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Kickstarting your VR development career with A-Frame!

schmowser profile image Victor Warno ・4 min read

Holidays make you think. All this time away from the oh-so-agile work environment lets your mind soar and leaves room for plenty of ideas left untouched. And so it happened that after I watched the touchingly beautiful Frozen 2 twice, I wondered: "What happened to my dream of working in Computer Vision from quite a while ago? Could I use the skills required in Web Development for CGI projects?"

VR meets HTML

That's when I stumbled across A-Frame. It is a web framework to create experiences in virtual reality. Coming from a web developer background, it is exciting to hear that you can start right off by embedding it into your HTML files. Moreover, you have full access to DOM APIs and JavaScript. This way, you do not have to dive into game engines like Unity or cope with the intricacies of C# / C++.

More hot news: They released the stable v1.0.0 just two weeks ago!

But why develop 3D content, only to look at it in your 2D browser? Why not use that VR headset you got for Christmas to enhance your developer experience? That's what WebVR was established for! This JavaScript API lets you access your VR device from your web browser. And A-Frame is basically just a library that incoporates and simplifies WebVR.

That virtual and augmented reality for web browsers is still in its infancy can be seen in the rather patchy support of WebVR for different operating systems and headsets across the browser landscape. Having tried out Brave for the last couple of weeks, I now notice that it does not render the output in the same browser tab of online HTML editors. Google Chrome on the other hand would not let me enter VR mode with my Oculus Quest. WebVR Rocks lists all currently supported combinations. Thus, Mozilla Firefox became the chosen one! Luckily, that allows me to have it working on MacOS as well (where I use Firefox Nightly).

As VR/AR for the Web should not head Into the Unknown, it is good to know that the next-generation standard is about to be the lawful heir of everything immersive and is already in the making: WebXR! Where X will include all the buzzwords you can put in front of Reality.

How to setup your Oculus Quest for WebVR

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What you'll need:

  • Oculus VR headset - here: Oculus Quest
  • Potent video card - My Windows machine provides a GeForce RTX 2070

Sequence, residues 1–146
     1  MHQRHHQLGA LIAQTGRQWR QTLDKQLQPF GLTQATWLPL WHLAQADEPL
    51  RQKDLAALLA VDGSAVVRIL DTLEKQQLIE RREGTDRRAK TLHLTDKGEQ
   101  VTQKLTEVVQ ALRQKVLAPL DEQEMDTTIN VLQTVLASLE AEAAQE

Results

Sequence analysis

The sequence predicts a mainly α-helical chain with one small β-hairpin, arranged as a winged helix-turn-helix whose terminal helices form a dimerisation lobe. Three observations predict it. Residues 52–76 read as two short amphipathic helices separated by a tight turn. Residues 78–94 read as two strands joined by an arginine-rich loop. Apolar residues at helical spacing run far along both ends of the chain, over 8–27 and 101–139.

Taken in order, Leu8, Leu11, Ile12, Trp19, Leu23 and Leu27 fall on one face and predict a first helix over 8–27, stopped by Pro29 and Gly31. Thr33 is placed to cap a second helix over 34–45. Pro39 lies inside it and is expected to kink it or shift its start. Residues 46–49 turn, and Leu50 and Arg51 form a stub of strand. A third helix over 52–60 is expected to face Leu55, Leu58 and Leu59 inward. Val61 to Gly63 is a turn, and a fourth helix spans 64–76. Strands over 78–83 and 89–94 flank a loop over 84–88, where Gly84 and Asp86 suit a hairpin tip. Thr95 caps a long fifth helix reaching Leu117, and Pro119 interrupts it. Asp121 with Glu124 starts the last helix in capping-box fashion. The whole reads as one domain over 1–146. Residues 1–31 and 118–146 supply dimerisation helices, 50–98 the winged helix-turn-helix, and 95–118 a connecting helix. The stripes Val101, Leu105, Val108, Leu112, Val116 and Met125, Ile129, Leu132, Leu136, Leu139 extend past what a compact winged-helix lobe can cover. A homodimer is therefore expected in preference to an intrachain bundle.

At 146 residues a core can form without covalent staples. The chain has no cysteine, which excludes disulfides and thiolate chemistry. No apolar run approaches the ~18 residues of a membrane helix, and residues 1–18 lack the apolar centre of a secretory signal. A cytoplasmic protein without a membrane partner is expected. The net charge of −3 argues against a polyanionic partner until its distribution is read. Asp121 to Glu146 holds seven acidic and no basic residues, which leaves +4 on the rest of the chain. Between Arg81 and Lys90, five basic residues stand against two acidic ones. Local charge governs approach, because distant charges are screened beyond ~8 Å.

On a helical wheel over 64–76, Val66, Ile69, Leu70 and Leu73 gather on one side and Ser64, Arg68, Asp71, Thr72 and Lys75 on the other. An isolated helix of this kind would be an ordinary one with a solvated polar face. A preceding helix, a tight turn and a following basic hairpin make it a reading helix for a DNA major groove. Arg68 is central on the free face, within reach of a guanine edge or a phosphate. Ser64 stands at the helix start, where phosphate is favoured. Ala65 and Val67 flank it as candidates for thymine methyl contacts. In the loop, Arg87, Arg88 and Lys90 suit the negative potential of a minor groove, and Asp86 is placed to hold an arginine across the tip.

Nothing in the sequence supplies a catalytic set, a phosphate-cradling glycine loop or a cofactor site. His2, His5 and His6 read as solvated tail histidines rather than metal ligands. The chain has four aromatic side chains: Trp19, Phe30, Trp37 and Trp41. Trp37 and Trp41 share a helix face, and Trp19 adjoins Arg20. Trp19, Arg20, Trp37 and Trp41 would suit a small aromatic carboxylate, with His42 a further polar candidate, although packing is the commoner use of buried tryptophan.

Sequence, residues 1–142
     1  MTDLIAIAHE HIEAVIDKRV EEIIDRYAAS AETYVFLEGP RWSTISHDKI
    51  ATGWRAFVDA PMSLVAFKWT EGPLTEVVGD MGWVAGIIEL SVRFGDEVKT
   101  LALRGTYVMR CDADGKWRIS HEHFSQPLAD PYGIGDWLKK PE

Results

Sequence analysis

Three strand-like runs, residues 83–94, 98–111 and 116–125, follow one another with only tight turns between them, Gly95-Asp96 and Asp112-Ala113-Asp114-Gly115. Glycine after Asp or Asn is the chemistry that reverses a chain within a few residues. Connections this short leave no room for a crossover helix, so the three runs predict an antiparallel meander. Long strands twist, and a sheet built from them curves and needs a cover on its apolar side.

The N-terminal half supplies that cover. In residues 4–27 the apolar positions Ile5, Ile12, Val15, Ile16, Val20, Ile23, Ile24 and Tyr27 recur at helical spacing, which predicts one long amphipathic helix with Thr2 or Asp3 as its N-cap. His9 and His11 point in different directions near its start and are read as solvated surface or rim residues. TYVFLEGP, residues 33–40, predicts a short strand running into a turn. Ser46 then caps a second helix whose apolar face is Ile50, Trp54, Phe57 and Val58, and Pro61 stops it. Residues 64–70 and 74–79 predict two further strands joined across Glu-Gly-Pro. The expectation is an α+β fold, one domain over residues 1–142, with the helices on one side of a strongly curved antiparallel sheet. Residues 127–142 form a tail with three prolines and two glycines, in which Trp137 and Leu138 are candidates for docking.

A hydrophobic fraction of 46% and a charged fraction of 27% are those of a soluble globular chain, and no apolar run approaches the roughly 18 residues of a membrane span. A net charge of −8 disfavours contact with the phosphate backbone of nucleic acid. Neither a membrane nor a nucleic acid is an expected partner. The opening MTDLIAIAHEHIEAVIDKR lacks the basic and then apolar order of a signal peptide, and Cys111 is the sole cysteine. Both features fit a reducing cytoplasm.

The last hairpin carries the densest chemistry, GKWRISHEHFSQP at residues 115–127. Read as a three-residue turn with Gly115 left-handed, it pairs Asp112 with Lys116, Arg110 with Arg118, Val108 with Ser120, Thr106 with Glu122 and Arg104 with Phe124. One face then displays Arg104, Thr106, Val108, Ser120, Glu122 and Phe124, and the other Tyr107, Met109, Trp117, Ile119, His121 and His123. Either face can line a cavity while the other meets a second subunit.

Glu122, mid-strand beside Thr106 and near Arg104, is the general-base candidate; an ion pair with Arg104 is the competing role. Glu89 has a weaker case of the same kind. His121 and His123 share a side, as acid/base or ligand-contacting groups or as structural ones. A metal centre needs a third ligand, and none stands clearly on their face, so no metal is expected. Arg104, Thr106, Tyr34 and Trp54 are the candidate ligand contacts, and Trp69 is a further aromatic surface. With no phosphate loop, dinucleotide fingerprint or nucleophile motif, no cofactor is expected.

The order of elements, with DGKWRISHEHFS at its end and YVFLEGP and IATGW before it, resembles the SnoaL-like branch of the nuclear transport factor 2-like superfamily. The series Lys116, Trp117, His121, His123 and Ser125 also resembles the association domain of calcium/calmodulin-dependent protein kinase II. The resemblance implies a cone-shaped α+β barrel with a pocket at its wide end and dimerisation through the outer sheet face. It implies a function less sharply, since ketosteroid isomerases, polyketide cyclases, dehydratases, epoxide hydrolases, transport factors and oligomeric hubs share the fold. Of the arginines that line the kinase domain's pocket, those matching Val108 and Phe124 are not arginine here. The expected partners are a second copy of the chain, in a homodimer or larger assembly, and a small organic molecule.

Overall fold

• Oculus Link cable - I used Anker Powerline+ 1.8m USB C to USB 3.0 A, Nylon
  • Oculus software

Oculus Link is still in Beta. To use it, make sure that you updated to the latest version on your headset. Hint: It only started to update after the device was fully charged and restarted afterwards.

When you are using an Nvidia graphics card, it is recommended to have the latest version of GeForce Experience as well.

Connect the Quest with a compatible cable to your PC and complete the setup. Put on the Oculus Quest and head to

Settings -> See All -> Enable Oculus Link (Beta)
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This should throw you into Oculus Home. At the bottom, there should be a Virtual Desktop button. From there a window pops up and you can access your desktop browser from within your headset. Now, you can click the Enter VR button (usually located at the bottom right corner of your content). You are ready to watch your newly created content on your headset!

How to start your A-Frame project

<html>
  <head>
    <script src="https://aframe.io/releases/1.0.3/aframe.min.js"></script>
  </head>
  <body>
    <a-scene>
    </a-scene>
  </body>
</html>
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This is actually all you need to start developing using A-Frame. Plain HTML. The <script> tag above imports the library. Inside the <a-scene>, you can drop any entities of your liking.

The A-Frame community makes it really easy to directly play around with what the framework has to offer. I recommend the compact (and visually appealing) tutorial that introduces you to the core concepts. It makes use of the Glitch online editor which lets you modify sample implementations.

What about existing applications? Of course, you can install A-Frame via npm. And if you do not want to abandon your front-end frameworks, there is even an introduction how to use A-Frame with React! But be careful, some features could get in the way of each other. So, for example, A-Frame's hotreloading feature will interfere with Vue's hot loaders.

But this is just a first step to a note-worthy journey into browser based virtual reality!

Show Yourself

We are all set! Grab your XR headset and develop the next Killer VR/AR/MR application. I think having a shortcut from front-end development to creating VR content via A-Frame is worth a look - although web development contains much more than just the presentation and the whole industry won't jump on the AR waggon all of a sudden.

What do you think about the recent evolutions in virtual reality and web browsers?

Discussion

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marcbeaujean profile image
Marc Philippe Beaujean

Super hyped, just got the Quest for Christmas - awesome article, excited for Web + VR. I think there is lots of potential.